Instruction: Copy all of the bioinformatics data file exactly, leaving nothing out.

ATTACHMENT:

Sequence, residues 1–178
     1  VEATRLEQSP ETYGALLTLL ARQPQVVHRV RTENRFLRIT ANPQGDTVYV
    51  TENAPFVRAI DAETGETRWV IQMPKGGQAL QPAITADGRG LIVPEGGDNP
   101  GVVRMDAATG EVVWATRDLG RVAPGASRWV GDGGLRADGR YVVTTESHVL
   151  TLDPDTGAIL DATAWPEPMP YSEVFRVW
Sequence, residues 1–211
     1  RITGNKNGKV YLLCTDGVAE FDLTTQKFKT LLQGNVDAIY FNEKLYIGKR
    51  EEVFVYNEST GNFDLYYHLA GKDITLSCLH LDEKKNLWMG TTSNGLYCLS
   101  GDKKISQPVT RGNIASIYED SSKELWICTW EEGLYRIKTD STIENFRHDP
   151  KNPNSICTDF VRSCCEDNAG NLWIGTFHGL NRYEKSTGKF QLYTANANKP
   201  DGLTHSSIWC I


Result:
Sequence, residues 1–178
     1  VEATRLEQSP ETYGALLTLL ARQPQVVHRV RTENRFLRIT ANPQGDTVYV
    51  TENAPFVRAI DAETGETRWV IQMPKGGQAL QPAITADGRG LIVPEGGDNP
   101  GVVRMDAATG EVVWATRDLG RVAPGASRWV GDGGLRADGR YVVTTESHVL
   151  TLDPDTGAIL DATAWPEPMP YSEVFRVW
Sequence, residues 1–211
     1  RITGNKNGKV YLLCTDGVAE FDLTTQKFKT LLQGNVDAIY FNEKLYIGKR
    51  EEVFVYNEST GNFDLYYHLA GKDITLSCLH LDEKKNLWMG TTSNGLYCLS
   101  GDKKISQPVT RGNIASIYED SSKELWICTW EEGLYRIKTD STIENFRHDP
   151  KNPNSICTDF VRSCCEDNAG NLWIGTFHGL NRYEKSTGKF QLYTANANKP
   201  DGLTHSSIWC I